All amends made for the 78rmp sound, the 1937 version remains the classic (it comes on two CD reissues, on Biddulph and BMG, Heifetz Plays Strauss (Violin Sonata op. 18), Sibelius (Violin Concerto), Prokofiev (Violin Concerto 2) and Heifetz Collection, Volume 4 - 1935-1939, alas both gone now). True, Heifetz' extra bite and lightness of bowing in 1959 with Munch scores in the sardonic finale. But in the firstmovement he is also more high-strung and plays with less abandon, and some of the nonchalant lyricism so endearing in 1937 is gone. In the slow movement, while his tone still has the crystal-like purity that has been so praised, I find that it is also less radiant and ample than in 1937 (something I remarked with his make and remake of Strauss' Violin and Piano Sonata as well, see my review of the above-mentioned Biddulph CD). Something else is also all but gone, in keeping with the tastes of the days: all those miniscule portamentos which in 1937 gave Heifetz' tone a unique vocal quality, especially in the second movement. He played as a soprano in those days would have sung - but in 1959, sopranos didn't sing the same. I personnaly love (and regret) the discreet sentimentality of it - given that Heifetz' is overall an unsentimental approach. Don't get me wrong, though: the 1959 version remains a glorious one with very little peers, and on this SACD reissue, the sonics are stupendous; the Boston Symphony is a pleasure to hear, with silky strings and every orchestral detail coming through - too much so at times even, with the woodwinds and even triangle (try 1st movement at 2:43) given an artificially close presence. Munch leads them with great dynamism and bite.
The same comments can apply to Sibelius' Violin Concerto. Heifetz' conception in 1959 with the Chicago Symphony and Walter Hendl is remarkably similar to what it was in 1935 with Beecham (another recording premiere, and the same Biddulph CD as above), but as in Prokofiev, Heifetz in 1959 has become even more radical, and in this case I find that it is the later recording that has the edge. Heifetz' crystal-sharp purity of tone is even more luminous now than in 1935. Again in all three movements the tempos are unrelentingly forward moving, with now an added forward dash: just compare Heifetz' first movement, 14:08 in 1935, 13:32 in 1959, to Hilary Hahn's 17:10 (Schoenberg Violin Concerto Op.36/Sibelius Violin Concerto Op.47). His technique sounds also even more assured, in particular in the double stops of the first movement cadenza (there are passages though which, in 1959 as in 1935, he plays very awkwardly, such as the arpeggios in the short solo in the first movement at 1:40). Witness also the finale, in which so many fiddlers' bows sound sticky: here in 1959 one feels that, even more than in 1935, Heifetz has made a point of pride to countenance no hindrance (although truth is that compared to Hahn there are spots where you hear that he's dangerously walking on the edge). But for all that unrelenting forward drive, there is no loss of lyricism that I can perceive. On the contrary, I find it all the more intense and searing that it doesn't linger and fuss over the phrases (which is something Hahn, with many others, does in spots). Walter Hendl may not have left a name among the great conductors of the last century, yet I find the CSO under his baton no less admirable than the London Phil under Beecham's - and I hear much, much more of it. Heifetz' way with Sibelius certainly doesn't exclude other, broader approaches (especially in the middle movement, which can take a greater sense of space), but it remains a classic of its own.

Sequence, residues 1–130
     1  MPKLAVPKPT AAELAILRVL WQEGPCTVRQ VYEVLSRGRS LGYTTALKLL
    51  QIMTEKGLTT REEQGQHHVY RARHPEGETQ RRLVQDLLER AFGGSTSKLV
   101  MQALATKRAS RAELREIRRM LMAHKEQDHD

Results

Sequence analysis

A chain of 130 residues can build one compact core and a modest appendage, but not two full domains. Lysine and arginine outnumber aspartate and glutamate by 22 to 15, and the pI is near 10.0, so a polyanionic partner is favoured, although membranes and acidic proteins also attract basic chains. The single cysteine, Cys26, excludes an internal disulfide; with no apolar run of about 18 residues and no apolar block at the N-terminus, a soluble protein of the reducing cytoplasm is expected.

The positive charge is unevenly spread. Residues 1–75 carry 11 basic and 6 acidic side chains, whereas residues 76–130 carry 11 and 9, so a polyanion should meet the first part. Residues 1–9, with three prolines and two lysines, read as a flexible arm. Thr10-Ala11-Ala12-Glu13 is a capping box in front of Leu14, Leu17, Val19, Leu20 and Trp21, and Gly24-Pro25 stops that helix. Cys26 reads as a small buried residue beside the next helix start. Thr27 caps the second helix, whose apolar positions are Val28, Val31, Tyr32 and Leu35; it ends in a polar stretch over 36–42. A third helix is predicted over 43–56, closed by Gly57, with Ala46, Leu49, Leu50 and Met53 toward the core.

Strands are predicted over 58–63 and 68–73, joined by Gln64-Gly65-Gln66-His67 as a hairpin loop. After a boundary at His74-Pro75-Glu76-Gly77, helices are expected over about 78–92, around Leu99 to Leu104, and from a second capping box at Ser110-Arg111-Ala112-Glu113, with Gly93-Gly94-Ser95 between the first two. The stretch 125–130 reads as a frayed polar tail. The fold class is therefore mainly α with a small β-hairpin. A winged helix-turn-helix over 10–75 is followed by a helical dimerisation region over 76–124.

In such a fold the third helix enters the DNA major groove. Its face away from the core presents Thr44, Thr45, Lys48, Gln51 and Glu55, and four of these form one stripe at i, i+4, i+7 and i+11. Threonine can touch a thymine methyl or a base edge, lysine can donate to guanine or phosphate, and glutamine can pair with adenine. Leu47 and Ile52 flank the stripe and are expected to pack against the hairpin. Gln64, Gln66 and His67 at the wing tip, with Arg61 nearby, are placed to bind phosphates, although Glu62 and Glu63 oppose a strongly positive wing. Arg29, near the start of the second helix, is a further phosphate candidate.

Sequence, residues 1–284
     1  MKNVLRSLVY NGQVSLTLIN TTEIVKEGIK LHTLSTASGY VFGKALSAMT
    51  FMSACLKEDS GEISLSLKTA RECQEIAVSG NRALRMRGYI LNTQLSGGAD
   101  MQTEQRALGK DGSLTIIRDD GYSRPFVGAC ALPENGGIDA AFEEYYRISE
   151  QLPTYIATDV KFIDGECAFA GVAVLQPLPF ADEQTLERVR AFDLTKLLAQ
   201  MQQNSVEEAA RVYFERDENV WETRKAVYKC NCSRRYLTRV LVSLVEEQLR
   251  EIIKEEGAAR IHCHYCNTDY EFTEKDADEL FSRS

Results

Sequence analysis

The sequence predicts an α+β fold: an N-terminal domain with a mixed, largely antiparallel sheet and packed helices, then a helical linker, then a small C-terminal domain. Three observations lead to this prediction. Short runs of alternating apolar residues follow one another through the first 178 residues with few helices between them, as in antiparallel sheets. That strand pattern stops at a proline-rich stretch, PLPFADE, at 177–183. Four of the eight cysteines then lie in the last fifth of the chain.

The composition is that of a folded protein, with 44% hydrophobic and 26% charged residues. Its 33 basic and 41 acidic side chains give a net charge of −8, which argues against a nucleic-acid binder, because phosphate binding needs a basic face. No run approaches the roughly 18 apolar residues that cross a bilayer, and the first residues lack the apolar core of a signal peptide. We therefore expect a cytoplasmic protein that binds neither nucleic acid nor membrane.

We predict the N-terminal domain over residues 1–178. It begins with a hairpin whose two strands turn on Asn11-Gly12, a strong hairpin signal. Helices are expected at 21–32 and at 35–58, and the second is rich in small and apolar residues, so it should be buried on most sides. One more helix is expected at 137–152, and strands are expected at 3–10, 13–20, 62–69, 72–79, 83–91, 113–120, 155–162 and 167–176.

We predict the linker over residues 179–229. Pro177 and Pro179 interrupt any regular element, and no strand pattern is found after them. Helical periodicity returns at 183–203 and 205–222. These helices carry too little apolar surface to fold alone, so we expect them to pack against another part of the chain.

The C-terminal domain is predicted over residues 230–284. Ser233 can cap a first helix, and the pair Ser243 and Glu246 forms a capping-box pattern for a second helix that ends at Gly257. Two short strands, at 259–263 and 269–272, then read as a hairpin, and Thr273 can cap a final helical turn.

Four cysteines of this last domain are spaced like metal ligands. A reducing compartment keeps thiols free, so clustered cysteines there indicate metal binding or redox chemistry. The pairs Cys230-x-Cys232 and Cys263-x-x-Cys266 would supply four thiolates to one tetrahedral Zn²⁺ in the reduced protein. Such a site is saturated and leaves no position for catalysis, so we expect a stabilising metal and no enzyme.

I don't warm up too much for Glazunov's Violin Concerto. It sounds to me like over-blown salon music. Consequently I don't have the score and haven't made any comparative listening, so I'll take Heifetz' recording (from 1963, Hendl again conducting an RCA Victor Symphony Orchestra) as a substantial bonus, assume his reading has all his interpretive characteristics - forward-moving and intensely lyrical - and will hoard it for later. But with or without Glazunov, this disc is indispensable for containing two essential recordings of 20th Century Violin Concertos.